I am working on digital forensic investigation case (not a real one obviously) and I have a raw image (.dd) from a Windows (NTFS) partition. I have to find out when a specific file was created.

To that end I am trying to find the correct timezone that is used on the system.

What I have done so far is use Autopsy to export the registry system file (\system32\config\system), since that is where that piece of information is stored.

But I can't figure out how to read that file. Regedit won't work, since it expects a .reg file. Is there a way to read the registry system file?


So I tried using regedit. But it give me an error. Error loading hive. That's all it's saying.

  • 2
    Your real question seems to be how to open an exported registry system file. That's a Windows admin question and not a security question. If you are asking an autopsy-specific question, then you need to look to vendor-specific sources.
    – schroeder
    Jun 17, 2014 at 15:07
  • possible duplicate of "Remote" registry editing - Windows 7 Jun 17, 2014 at 15:52
  • Regedit doesn't always expect a .reg file... you can load remote hive files. 1) Open regedit 2) Click "HKLM" (if HKLM is the area you need to investigate) to highlight it 3) Click "File" 4) Click "Load hive" 5) locate the file you have recovered from the DD image and the file should load within the HKLM tree in regedit for you to browse.
    – Kinnectus
    Jun 17, 2014 at 15:57
  • What file format is your exported registry system file in? Jun 17, 2014 at 16:07
  • It's just called system. Not sure what format is. Jun 17, 2014 at 17:08

1 Answer 1


I have a raw image (.dd) from a Windows (NTFS) partition. I have to find out when a specific file was created.

To that end I am trying to find the correct timezone that is used on the system.

There should be no need to determine the configured time zone, if your goal is simply to get the file creation time.

NTFS stores file timestamps in UTC. UTC, in turn, has the nice property of being monotonically increasing, and convertible to any known time zone simply by adding or subtracting the time zone offset for the subject's geographical and political location at the time (which you would need to establish through other means).

Also note that any time zone configuration value that you extract from the registry will almost certainly show the currently configured (as of the time of the disk image) time zone, not the time zone configured at the time the file was created. Unless Windows keeps some sort of history of time zone settings, the latter won't be obtainable through the operating system's facilities, including deep digging through the registry.

Just present the file and state that file system metadata for the file in question indicates that when it was created, the computer's real-time clock was set to such-and-such UTC. You can also state that at that time, other evidence links the subject to a certain location, and present that evidence separately. That would establish the subject's location at the time, in turn establishing a reasonable local time zone for the subject at the time, which would allow you to state that in that location at that UTC time, local time was so-and-so.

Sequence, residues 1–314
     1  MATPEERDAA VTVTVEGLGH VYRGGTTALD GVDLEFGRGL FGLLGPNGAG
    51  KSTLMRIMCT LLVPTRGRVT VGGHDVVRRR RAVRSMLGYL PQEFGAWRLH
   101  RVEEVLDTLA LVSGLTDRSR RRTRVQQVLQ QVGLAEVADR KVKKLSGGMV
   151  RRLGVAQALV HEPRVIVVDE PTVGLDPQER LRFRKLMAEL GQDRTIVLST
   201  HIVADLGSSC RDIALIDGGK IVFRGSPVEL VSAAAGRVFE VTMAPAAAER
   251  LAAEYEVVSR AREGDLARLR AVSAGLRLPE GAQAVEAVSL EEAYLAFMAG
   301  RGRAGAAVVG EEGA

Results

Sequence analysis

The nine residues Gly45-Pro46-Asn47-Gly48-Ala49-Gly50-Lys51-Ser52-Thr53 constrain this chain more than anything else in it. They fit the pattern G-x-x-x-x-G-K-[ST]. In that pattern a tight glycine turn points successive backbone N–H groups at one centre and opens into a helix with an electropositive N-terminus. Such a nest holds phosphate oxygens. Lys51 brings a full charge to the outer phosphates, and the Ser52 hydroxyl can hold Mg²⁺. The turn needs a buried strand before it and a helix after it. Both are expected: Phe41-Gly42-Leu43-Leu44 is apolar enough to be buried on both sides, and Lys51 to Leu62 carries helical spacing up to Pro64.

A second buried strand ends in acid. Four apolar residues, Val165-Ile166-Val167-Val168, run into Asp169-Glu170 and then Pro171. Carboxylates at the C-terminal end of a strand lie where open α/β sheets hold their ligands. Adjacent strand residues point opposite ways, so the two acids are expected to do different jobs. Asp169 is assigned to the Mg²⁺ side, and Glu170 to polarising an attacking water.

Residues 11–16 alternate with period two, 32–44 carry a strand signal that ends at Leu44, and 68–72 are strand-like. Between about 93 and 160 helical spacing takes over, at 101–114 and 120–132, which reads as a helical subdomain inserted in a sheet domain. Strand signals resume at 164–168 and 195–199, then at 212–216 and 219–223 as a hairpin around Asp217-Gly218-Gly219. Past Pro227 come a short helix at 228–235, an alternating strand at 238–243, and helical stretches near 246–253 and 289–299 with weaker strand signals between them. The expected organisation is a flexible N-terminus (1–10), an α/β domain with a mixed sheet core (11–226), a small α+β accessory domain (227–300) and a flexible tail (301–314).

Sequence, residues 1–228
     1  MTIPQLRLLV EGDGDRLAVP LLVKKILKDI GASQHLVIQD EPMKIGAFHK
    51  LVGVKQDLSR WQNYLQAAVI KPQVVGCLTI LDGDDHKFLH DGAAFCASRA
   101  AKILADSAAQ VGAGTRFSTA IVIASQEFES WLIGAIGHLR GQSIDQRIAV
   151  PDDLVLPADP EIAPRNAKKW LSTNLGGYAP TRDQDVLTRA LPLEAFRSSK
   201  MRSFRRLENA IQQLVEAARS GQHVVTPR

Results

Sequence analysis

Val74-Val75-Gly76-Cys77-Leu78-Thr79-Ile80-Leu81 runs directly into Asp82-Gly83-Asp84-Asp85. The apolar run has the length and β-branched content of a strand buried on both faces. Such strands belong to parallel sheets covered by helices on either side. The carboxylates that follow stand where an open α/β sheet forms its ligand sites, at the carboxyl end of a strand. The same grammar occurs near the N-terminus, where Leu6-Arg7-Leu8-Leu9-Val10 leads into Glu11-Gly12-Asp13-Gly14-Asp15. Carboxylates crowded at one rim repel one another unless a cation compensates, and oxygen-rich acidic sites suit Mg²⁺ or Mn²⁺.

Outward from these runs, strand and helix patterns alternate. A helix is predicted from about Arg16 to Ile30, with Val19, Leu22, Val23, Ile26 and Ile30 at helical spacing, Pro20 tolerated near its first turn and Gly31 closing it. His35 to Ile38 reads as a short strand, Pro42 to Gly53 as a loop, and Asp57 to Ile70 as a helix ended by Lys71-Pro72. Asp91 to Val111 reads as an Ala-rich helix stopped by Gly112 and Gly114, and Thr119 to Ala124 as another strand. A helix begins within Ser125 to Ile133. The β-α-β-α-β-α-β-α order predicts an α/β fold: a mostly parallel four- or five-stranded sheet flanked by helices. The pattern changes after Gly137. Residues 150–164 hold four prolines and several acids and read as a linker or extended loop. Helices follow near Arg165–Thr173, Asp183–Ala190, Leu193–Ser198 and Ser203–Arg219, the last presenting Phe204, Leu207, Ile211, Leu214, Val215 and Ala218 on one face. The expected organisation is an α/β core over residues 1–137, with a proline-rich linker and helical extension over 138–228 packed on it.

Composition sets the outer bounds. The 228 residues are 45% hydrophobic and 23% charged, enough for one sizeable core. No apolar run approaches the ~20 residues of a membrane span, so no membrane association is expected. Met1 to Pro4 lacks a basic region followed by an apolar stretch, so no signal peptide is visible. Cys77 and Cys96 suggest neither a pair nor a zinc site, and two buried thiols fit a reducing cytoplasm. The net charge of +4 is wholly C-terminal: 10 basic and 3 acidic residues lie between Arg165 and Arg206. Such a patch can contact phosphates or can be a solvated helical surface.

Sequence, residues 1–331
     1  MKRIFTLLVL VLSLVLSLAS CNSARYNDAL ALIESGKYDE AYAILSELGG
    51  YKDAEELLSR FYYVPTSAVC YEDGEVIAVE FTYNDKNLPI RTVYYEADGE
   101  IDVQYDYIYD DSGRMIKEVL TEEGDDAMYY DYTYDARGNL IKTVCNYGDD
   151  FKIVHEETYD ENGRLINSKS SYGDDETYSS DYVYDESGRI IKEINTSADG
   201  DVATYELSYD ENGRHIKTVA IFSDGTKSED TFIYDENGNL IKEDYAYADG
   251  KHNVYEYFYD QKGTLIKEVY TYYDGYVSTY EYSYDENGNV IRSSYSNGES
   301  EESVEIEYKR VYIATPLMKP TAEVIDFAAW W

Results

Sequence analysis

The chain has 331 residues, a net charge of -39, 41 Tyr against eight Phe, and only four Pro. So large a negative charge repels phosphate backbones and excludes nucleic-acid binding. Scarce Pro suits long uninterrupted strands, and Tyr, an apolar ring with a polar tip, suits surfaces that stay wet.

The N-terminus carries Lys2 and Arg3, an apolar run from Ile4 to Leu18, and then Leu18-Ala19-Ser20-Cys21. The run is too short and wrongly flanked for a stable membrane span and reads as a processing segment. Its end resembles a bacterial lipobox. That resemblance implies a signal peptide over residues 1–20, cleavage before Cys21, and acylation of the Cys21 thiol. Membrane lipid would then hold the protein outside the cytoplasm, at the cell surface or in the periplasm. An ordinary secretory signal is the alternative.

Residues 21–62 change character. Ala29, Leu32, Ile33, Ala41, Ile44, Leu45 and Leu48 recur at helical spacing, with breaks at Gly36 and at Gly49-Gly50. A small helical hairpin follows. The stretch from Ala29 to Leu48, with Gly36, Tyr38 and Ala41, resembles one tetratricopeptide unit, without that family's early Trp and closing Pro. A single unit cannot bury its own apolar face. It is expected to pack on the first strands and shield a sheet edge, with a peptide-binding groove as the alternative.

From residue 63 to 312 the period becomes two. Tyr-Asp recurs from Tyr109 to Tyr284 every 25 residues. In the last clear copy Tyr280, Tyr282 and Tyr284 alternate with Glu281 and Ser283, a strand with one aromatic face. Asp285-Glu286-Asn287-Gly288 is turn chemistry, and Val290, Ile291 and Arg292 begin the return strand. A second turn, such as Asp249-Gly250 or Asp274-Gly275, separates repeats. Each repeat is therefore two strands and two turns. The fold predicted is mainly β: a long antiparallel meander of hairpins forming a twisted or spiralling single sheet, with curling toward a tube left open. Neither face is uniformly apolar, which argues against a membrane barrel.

If your role is simply in digital forensics, I would suggest that you simply present the UTC time as recorded in the file system metadata, and let someone else make any interpretation.

Do note however that any competent attorney would likely quickly point out that file system metadata timestamps do not imply that the file action indicated took place at that specific real-world time. The computer's real-time clock could have been set to literally any value within its valid range at the time the file action took place, and that arbitrary value would be recorded in the file system metadata.

  • Alright, thanks for this. And do you know if forensic suites (prodiscover, FTK, Autopsy) show the UTC timestamps? Meaning that I can say that the file was probably created at the time shown in the forensic suite? Jun 17, 2014 at 18:01
  • @user2285451 I'm not familiar with those pieces of software, however it sounds like that could make a decent question on its own. I would expect them to show specifically what is on disk, however, which in the case of NTFS file systems would imply that file times are in UTC.
    – user
    Jun 17, 2014 at 18:48
  • That said, if you found this answer helpful in answering your question, consider upvoting it by clicking the up arrow in the left-hand column. If you feel this answer properly addresses all your concerns or was instrumental in resolving your issue, consider accepting it by clicking the checkmark outline in the left-hand column, below the voting arrows. Accepting an answer informs the community that you feel your issue has been resolved, and is the customary way of saying thank you on Super User and the Stack Exchange network.
    – user
    Jun 17, 2014 at 18:48

Your Answer

By clicking “Post Your Answer”, you agree to our terms of service, privacy policy and cookie policy

Not the answer you're looking for? Browse other questions tagged or ask your own question.